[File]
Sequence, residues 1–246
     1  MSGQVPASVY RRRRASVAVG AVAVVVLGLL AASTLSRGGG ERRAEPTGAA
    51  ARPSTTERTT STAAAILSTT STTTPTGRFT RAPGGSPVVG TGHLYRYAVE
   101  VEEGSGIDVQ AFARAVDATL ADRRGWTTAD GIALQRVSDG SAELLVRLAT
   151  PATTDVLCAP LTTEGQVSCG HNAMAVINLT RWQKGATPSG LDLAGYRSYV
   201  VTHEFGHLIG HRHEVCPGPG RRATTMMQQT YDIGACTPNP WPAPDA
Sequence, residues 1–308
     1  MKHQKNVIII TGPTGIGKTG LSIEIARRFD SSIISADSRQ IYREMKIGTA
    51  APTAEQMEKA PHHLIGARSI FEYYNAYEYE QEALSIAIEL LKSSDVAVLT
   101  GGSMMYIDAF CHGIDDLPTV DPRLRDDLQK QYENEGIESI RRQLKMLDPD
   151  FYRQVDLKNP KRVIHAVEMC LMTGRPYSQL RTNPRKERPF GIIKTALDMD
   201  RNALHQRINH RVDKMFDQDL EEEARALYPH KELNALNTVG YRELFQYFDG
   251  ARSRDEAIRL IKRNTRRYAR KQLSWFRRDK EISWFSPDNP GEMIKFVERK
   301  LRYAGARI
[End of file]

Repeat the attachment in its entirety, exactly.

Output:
Sequence, residues 1–246
     1  MSGQVPASVY RRRRASVAVG AVAVVVLGLL AASTLSRGGG ERRAEPTGAA
    51  ARPSTTERTT STAAAILSTT STTTPTGRFT RAPGGSPVVG TGHLYRYAVE
   101  VEEGSGIDVQ AFARAVDATL ADRRGWTTAD GIALQRVSDG SAELLVRLAT
   151  PATTDVLCAP LTTEGQVSCG HNAMAVINLT RWQKGATPSG LDLAGYRSYV
   201  VTHEFGHLIG HRHEVCPGPG RRATTMMQQT YDIGACTPNP WPAPDA
Sequence, residues 1–308
     1  MKHQKNVIII TGPTGIGKTG LSIEIARRFD SSIISADSRQ IYREMKIGTA
    51  APTAEQMEKA PHHLIGARSI FEYYNAYEYE QEALSIAIEL LKSSDVAVLT
   101  GGSMMYIDAF CHGIDDLPTV DPRLRDDLQK QYENEGIESI RRQLKMLDPD
   151  FYRQVDLKNP KRVIHAVEMC LMTGRPYSQL RTNPRKERPF GIIKTALDMD
   201  RNALHQRINH RVDKMFDQDL EEEARALYPH KELNALNTVG YRELFQYFDG
   251  ARSRDEAIRL IKRNTRRYAR KQLSWFRRDK EISWFSPDNP GEMIKFVERK
   301  LRYAGARI